There are a myriad of reasons why the sale of a business doesn’t close successfully; these multiple causes can, however, be broken down into four categories: those caused by the seller, those caused by the buyer, those that just happen (“acts of fate”), and those caused by third parties.  The following examines the part each of these components can play in contributing to the wrecked deal: The Seller In some instances, the seller doesn’t have a valid reason for entering into the sale process.  Without a strong reason for selling, he or she has neither the willingness to negotiate nor the flexibility to see the sale to a conclusion.  Without such a commitment, the desire to sell is not powerful enough to overcome the many complexities necessary to finalize the sales process. Some sellers are merely testing the waters.  As detailed above, they are NOT at that “hungry” stage that provides the push toward a successful transaction.  These sellers merely want to see if anyone … [Read more...]

Are You Asking a Reasonable Price for Your Privately Held Company?

Placing a price on a privately-held company is usually more complex than placing a value, or a price, on a publicly-held company.  There are many reasons for this fact, but one of the top reasons is that privately-held companies don’t have audited financial statements. Why are Audited Financial Statements Lacking in Privately-Held Companies? Preparing an audited financial statement is expensive and, as a result, many privately-held companies that have not gone public simply forego the expense. Most privately-held companies are also not accountable to bankers, investors or partners so there is no need to incur this cost. Compared to a privately-held company, a publicly held company can often seem like an “open book.”  Buyers are left with the proposition of having to dig out a lot more information from a privately-held company in order to assess whether or not a valuation or price is accurate. What Can You Do to Overcome this Factor? You, as the seller, can help … [Read more...]

Is Now the Right Time to Sell Your Business?

Like many things in life, timing can be everything when it comes to selling your business.  Every day more and more baby-boomers are now reaching retirement age.  The marketplace is already showing signs of increasing inventory with the increasing amount of businesses coming to market as more and more business owners are looking to sell to retire. According to a 2016 survey of Business Brokers, 54% plan to exit in the next ten years.  We may be on the verge of a massive wave of businesses hitting the market.  Getting out in front of that wave could be in your best interests. Now very well may be the time to sell. Are You Suffering from Burnout? If you’ve been running your business for many years, it is quite possible that you are suffering from burnout.  This issue is remarkably common with business owners and it is also very dangerous.  Owners suffering from burnout don’t invest as much of themselves and their creative energy into their businesses, and that has a range of … [Read more...]

Fairness Opinions When Selling a Business

Since one often hears the term “fair value” or “fair market value,” it would be easy to assume that “fairness opinion” means the same thing. A fairness opinion may be based to some degree on fair market value, but there the similarities end. Assume that you are president of a family business and the other members are not active in the business, but are stockholders; or you are president of a privately held company that has several investors/stockholders. The decision is made to sell the company; and you as president are charged with that responsibility. A buyer is found; the deal is set; it is ready to close — and, then, one of the minority stockholders comes out of the woodwork and claims the price is too low. Or, worse, the deal closes, then the minority stockholder decides to sue the president, which is you, claiming the selling price was too low. A fairness opinion may avoid this or protect you, the president, from any litigation. A fairness opinion is a letter, usually only two … [Read more...]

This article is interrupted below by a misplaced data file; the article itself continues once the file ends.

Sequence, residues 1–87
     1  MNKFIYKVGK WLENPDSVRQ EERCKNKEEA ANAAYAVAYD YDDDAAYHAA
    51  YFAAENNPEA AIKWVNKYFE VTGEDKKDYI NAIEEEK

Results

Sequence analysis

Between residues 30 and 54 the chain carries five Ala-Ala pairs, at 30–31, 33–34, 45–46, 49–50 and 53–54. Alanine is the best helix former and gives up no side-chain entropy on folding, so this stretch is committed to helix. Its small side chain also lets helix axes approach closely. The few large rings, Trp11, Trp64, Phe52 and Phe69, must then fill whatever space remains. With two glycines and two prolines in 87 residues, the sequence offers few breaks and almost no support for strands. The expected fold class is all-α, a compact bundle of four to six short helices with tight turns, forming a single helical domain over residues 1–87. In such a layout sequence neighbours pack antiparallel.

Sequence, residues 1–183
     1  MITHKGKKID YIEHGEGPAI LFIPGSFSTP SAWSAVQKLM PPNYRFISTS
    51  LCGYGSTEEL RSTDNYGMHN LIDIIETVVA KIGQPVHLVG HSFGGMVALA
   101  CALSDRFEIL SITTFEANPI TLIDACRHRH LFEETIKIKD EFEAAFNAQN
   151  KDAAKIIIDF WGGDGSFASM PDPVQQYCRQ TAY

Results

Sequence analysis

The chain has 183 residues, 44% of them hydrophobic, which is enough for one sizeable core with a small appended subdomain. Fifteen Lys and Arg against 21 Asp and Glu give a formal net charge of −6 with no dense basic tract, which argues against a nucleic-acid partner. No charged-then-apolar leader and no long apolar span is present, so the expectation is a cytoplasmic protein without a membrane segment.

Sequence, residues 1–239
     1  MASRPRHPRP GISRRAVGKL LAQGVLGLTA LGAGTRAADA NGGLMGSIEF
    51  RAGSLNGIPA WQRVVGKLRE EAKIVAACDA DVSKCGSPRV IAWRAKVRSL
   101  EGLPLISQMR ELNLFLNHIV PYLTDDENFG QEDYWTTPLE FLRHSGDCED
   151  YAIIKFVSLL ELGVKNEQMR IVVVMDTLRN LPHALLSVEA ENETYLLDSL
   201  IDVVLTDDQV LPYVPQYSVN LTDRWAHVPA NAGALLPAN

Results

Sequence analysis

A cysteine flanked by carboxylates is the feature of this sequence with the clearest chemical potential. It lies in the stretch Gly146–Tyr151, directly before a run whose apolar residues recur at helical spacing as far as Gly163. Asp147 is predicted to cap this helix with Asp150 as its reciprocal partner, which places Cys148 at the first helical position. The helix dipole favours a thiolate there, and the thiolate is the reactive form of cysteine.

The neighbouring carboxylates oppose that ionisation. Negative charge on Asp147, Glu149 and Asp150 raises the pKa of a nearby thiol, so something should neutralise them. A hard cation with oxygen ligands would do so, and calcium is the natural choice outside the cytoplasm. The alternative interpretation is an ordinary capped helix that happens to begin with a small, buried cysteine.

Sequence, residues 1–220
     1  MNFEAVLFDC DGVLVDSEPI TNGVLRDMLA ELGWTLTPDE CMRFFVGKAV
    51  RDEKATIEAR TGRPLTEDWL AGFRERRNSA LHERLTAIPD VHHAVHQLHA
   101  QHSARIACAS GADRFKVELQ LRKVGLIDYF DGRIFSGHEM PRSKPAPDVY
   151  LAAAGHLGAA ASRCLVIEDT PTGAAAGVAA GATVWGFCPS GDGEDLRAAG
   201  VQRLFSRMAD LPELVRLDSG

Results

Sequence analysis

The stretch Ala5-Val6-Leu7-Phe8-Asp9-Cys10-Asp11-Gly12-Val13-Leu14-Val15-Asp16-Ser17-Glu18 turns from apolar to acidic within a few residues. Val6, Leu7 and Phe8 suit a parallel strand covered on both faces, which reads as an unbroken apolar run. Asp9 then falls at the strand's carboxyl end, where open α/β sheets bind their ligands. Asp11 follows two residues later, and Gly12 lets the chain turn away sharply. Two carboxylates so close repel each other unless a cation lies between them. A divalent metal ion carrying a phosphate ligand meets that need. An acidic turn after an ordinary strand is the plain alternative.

Selling a Business, Get Ready to Expect the Unexpected!

Many experts agree that the best time to prepare to sell your business is when you start your business.  That may sound extreme. However, few business owners reach that level of preparedness.  A simple fact of life and owning a business is that most sales are event-driven.  Factors such as problems with a partnership, health issues, burnout or even divorce can drive a business owner to sell. Once you’ve made the decision to sell, it is essential that you realize one key fact.  Unexpected events and factors will always rise to the surface. In this article, we’ll explore four key questions that you’ll need to address before selling your business. What is the Value of Your Time? Meeting with prospective buyers can be a serious time sponge.  One of the key benefits of working with a professional Business Broker is that he/she can take some of the pressure off of you. They can interact with buyers on your behalf. A large percentage of business owners are also deeply involved … [Read more...]

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Matt Coletta, CBB, CBI, is a Certified Business Broker and a Certified Business Intermediary with over 25 years of experience in successfully representing Business Sellers and Buyers in various industries. Matt is a Los Angeles Business Broker and represents Business Owners and Businesses for Sale throughout Southern California including: Los Angeles County, Orange County, Ventura County, West Los Angeles, City of Industry, Downtown Los Angele, Gardena, Whittier, San Gabriel, Upland, South Bay, Torrance, Newport Beach, Irvine, Brea, Anaheim, Long Beach, San Fernando Valley, Woodland Hills, Chatsworth, Sherman Oaks, North Hollywood, Northridge, Van Nuys, Burbank, Glendale, Pasadena, Sun Valley, Valencia, Santa Clarita, Palmdale, Ventura, Camarillo, Oxnard, Thousand Oaks, Simi Valley and other cities in the greater Southern California area.